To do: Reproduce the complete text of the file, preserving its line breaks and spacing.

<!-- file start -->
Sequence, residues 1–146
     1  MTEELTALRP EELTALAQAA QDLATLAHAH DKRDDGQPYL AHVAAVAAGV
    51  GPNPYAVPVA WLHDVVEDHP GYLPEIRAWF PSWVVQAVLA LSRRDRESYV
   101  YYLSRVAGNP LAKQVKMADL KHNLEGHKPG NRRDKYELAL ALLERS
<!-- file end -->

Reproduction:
Sequence, residues 1–146
     1  MTEELTALRP EELTALAQAA QDLATLAHAH DKRDDGQPYL AHVAAVAAGV
    51  GPNPYAVPVA WLHDVVEDHP GYLPEIRAWF PSWVVQAVLA LSRRDRESYV
   101  YYLSRVAGNP LAKQVKMADL KHNLEGHKPG NRRDKYELAL ALLERS